Wednesday, March 3, 2010
If you are in the revision stage and trying to get your novel ready for 'ither eyes', you need to take a look at the fabulous list of elements to avoid in your first 50 pages which blogger Lindsey Edwards of The Write Words has compiled. Go directly to her blog. *looks bossy* Remember, revising isn't just about running find/replace searches for adverbs and words from the naughty list (was, been, felt, almost, very, practically, almost, etc).
Personally speaking, these following are things I'm spotting in my own writing (currently BSW) as I revise and rewrite:
Every paragraph seems to start with the same word.
Oh. My. Goodness.
I wrote a 4000 word chapter yesterday and felt quite smug about it... until I glanced over the chapter as a whole and noticed all of the paragraphs which started with the progagonist's name, or "she". Ghastly! <- Guess what I'll be editing later today. Blegh. T_T
This is something I'm paying attention to both while I'm writing and also when I'm editing. Because I'm writing a YA book, I know I need to keep the writing tight and the pace fast. You don't want to keep saying the same thing over and over again, or tell the reader something that you already made clear by the situation or the characters' actions.
Too much emphasis on the mundane.
This is the reason why I cut an entire chapter a couple days ago (this is the chapter I wrote fresh yesterday). Every scene should be crafted with the objective of furthering the plot. I told myself that I didn't need to take the reader through a full school day with the protagonist, because most people already know full well what school is like. Cut the scene focuses down to those where SOMETHING HAPPENS. Even when you are providing a setting and trying to put a reader there in the classroom with your character. You shouldn't have scenes where nothing happens except for the character describing the four walls of the classroom, the smell of lysol and erasers, tables and chairs, sounds of students shuffling about and breathing. Even if you provide details like that in a scene, there needs to be a bigger plot FOCUS. Something that happens outside the norm.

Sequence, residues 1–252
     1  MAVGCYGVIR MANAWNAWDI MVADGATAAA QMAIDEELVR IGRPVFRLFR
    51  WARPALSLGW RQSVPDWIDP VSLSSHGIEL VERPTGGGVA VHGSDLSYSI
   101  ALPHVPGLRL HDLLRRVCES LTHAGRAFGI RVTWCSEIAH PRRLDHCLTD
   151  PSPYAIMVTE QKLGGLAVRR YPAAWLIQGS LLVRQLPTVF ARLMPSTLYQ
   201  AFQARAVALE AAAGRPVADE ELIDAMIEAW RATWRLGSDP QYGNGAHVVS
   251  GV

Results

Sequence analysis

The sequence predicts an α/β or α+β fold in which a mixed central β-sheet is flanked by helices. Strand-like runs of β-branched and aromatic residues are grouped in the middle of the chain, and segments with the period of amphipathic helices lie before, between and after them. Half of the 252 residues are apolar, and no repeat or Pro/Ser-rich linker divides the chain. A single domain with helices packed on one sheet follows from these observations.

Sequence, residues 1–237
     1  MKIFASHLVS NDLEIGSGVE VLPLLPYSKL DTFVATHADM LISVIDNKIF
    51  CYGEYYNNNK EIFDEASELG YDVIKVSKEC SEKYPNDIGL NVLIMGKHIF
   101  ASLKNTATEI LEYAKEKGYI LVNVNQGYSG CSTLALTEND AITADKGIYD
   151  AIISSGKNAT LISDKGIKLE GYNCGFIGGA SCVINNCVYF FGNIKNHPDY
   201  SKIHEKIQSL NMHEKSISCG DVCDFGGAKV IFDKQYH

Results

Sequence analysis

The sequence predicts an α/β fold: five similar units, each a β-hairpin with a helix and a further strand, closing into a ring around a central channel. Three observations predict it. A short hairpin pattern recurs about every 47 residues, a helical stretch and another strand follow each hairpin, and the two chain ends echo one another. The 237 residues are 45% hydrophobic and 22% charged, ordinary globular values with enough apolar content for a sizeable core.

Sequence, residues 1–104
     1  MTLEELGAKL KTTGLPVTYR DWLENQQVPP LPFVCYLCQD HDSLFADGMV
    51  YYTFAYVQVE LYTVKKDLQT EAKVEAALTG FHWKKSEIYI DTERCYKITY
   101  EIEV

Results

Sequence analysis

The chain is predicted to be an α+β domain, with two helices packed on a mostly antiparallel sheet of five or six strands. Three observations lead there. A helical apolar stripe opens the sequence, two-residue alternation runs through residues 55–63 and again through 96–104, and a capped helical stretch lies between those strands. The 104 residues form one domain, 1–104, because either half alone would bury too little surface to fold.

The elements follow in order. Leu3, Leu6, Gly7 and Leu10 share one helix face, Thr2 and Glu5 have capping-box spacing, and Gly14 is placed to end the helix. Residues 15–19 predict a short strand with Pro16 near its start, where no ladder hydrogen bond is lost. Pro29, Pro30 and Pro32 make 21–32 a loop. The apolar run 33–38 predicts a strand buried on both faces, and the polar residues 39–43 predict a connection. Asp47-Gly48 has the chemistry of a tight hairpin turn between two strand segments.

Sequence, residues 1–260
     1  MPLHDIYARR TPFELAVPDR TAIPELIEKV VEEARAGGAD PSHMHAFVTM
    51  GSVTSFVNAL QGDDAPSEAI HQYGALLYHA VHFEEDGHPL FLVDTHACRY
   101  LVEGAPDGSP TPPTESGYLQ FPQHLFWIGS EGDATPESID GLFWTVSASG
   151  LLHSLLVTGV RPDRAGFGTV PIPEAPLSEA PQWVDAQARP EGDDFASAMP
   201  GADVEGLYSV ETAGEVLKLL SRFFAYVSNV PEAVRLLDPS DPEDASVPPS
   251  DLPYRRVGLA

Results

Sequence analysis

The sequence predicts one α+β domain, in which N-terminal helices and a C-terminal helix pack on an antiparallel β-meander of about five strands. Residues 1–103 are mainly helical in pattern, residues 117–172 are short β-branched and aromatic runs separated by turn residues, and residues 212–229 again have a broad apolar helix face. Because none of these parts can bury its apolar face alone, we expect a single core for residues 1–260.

Too much back story.
Yep. This is something I'll be doing in the next revision round, though I did make a lot of progress this time around. Initially, I dedicated half the first chapter to explaining why the characters were in boarding school and what life was like there in BS and other background stuff like that before I moved on with the story.
Back story is important, but you need to keep it tight and you want to provide it in pieces instead of all at once.
Stiff conversation between characters.
*NODS GUILTILY* I had that problem with the protagonist and some of the other characters. It reminded me of playing dolls with my niece when she was small and shy about getting into total doll-playing mode.
It was a lot of:
"Hi, how are you?"
"I'm fine. Nice weather we have outside, huh?"
"Yes. I like your dress."
"Why thank you. I like your dress too."
[awkward silence while dolls are moved around to different standing positions]
"Well, I have to go now. Bye."
[end of scene]
The worst is dialogue like this gets filed under mundane and unnecessary sentences, as mentioned above. Like everything else, dialogue needs to serve a purpose.
The way to fix this... I saw somewhere around the web somebody said to write the dialogue first and not worry about it. As you revise, you can add the dialogue beats or actions. And you can touch up on the dialogue itself, making it less robotic.
Just food for thought and kudos to Lindsey for posting that list. It does help - especially if you are new at this and don't know where to begin.